Jay Beagle scored his 10th goal of the season and the overtime winner to give Washington a 4-3 victory over the Dallas Stars. That aforementioned goal total matches his previous career high from two seasons ago.

    He initially accomplished the feat over the course of 62 games. This time, he hits 10 goals in 46 games played.

    Officials needed to review the play, although replays quickly showed the puck over the line from the Beagle shot in the slot.

    The comeback win led to a memorable post-game celebration.

    Disclaimer: Don’t try this at home.

    The Capitals maintain their lead in the Metropolitan Division ahead of the Columbus Blue Jackets.

    This game versus the Stars included some feisty moments, particularly in the first period when tempers boiled over. Tom Wilson and Brett Ritchie dropped the gloves for a lengthy fight. Three seconds later, Daniel Winnik fought Antoine Roussel.

    Ducks goalie Gibson leaves game versus Wild with upper-body injury

    GLENDALE, AZ - OCTOBER 01:  Goaltender John Gibson #36 of the Anaheim Ducks in action during the preseason NHL game against Arizona Coyotes at Gila River Arena on October 1, 2016 in Glendale, Arizona.  (Photo by Christian Petersen/Getty Images)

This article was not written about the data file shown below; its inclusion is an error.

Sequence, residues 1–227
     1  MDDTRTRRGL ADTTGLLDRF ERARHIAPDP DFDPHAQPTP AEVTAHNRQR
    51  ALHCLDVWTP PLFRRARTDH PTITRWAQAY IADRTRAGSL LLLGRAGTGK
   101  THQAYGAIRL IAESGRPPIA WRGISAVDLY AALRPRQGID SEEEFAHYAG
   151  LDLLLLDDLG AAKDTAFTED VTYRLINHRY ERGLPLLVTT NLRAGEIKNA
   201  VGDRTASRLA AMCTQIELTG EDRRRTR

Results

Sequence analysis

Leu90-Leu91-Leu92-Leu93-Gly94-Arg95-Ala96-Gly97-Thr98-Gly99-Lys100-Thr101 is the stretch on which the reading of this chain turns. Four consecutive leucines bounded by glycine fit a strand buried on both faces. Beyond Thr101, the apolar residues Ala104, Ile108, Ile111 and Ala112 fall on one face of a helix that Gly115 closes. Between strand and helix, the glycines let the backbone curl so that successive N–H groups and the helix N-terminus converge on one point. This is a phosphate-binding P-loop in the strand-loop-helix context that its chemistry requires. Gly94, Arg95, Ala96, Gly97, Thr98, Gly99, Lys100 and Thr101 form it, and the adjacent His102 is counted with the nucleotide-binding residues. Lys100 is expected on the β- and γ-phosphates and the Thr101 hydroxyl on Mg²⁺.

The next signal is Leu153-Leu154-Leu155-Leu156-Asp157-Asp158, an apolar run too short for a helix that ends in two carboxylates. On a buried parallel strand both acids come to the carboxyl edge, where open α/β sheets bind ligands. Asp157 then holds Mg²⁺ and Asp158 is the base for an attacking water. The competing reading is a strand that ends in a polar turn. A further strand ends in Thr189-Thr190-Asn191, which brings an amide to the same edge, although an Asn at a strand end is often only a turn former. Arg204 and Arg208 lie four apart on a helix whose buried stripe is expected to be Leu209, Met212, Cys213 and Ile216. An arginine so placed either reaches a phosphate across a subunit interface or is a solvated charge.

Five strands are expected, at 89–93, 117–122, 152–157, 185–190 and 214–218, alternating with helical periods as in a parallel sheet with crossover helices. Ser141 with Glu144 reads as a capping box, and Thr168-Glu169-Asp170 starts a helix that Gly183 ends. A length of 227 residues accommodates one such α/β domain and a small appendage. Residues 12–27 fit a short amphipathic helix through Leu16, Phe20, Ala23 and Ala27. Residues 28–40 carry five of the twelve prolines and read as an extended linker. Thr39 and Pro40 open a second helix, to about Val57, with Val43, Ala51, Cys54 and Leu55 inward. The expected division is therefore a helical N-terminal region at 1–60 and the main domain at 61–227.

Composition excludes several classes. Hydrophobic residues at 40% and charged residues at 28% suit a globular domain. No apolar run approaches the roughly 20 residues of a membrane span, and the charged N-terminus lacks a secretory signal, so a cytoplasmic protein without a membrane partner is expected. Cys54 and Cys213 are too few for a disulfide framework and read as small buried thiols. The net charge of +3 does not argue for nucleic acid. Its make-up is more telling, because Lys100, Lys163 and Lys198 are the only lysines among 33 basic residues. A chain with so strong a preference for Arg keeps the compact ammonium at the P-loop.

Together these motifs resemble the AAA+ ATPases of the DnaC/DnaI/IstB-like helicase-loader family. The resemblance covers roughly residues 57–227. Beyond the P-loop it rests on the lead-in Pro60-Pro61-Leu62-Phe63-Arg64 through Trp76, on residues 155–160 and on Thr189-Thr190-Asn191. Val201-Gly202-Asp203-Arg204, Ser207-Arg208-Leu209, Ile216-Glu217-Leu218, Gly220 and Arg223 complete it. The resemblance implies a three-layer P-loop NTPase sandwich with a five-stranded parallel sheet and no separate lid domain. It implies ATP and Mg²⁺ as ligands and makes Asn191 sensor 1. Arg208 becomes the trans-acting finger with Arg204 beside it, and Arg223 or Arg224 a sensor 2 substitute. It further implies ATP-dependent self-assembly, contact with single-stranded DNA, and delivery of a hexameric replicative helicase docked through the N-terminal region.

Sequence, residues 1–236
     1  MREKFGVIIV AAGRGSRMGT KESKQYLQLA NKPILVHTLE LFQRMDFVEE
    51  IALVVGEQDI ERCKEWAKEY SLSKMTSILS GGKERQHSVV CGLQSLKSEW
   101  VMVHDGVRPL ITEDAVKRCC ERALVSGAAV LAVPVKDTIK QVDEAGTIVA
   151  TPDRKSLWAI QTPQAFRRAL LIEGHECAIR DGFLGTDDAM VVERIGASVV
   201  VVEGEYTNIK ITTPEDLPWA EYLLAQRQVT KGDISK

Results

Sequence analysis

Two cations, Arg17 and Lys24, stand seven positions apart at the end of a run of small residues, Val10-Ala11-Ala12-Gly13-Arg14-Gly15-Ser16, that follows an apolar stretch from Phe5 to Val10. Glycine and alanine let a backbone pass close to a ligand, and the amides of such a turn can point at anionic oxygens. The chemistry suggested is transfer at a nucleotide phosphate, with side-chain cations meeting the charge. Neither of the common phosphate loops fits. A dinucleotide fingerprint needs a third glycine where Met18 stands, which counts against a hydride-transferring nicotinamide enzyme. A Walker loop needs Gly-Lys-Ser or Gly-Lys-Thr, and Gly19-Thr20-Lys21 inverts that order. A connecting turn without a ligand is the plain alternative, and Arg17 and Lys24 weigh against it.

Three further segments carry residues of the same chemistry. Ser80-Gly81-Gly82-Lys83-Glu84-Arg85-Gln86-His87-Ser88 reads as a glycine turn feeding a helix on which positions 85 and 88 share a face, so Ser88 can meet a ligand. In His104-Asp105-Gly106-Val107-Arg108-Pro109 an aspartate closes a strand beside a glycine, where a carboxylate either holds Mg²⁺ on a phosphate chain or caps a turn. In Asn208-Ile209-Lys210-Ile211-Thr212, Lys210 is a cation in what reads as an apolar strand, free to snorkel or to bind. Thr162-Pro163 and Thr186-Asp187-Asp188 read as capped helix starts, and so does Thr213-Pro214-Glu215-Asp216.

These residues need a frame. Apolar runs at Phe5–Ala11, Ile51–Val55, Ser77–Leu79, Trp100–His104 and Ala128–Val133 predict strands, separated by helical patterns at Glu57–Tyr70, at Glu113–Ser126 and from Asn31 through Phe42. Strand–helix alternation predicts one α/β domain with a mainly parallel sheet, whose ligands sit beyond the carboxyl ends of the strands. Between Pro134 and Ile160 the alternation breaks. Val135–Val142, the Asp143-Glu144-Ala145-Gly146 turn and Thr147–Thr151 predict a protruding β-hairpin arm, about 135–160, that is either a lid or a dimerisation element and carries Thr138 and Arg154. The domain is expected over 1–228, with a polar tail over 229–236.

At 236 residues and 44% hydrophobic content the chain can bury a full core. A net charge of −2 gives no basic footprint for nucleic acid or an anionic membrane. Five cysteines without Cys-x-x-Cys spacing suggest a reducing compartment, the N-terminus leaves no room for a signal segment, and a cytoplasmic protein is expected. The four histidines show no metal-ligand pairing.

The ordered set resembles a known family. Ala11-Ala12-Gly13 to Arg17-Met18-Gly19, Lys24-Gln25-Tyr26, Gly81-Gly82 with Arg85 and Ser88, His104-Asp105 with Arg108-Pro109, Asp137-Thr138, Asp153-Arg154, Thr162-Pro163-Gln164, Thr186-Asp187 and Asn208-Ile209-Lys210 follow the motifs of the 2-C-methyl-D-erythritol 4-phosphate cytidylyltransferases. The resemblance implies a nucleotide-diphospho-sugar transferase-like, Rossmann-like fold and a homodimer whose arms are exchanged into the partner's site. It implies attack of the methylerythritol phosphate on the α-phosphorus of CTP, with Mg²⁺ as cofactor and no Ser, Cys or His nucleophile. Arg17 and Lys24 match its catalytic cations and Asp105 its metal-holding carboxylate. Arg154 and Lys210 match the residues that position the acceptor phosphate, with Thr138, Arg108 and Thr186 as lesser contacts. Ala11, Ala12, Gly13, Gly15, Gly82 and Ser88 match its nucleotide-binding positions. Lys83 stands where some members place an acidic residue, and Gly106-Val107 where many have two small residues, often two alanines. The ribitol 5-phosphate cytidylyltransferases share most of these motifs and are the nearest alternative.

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    ST. PAUL, Minn. (AP) Anaheim goaltender John Gibson has left Saturday’s game against Minnesota with an upper-body injury.

    A short-angle shot from Mikko Koivu appeared to hit Gibson in the upper chest with 5:39 to play in the first period. The goaltender immediately went down on one knee and was quickly attended to by a trainer. Gibson gingerly skated to the bench and went straight to the locker room.

    Anaheim announced that Gibson is doubtful to return.

    Gibson is 7-1-1 with two shutouts in his past nine starts. He was replaced by Jonathan Bernier.

    Gibson stopped four of five shots he faced while making his fourth straight start.

    Playoff hopes take a jolt: Coyotes crush Bishop and the Bolts

    NEW YORK, NY - NOVEMBER 01: Ben Bishop #30 of the Tampa Bay Lightning tends net against the New York Islanders during the second period at the Barclays Center on November 1, 2016 in the Brooklyn borough of New York City.  (Photo by Bruce Bennett/Getty Images)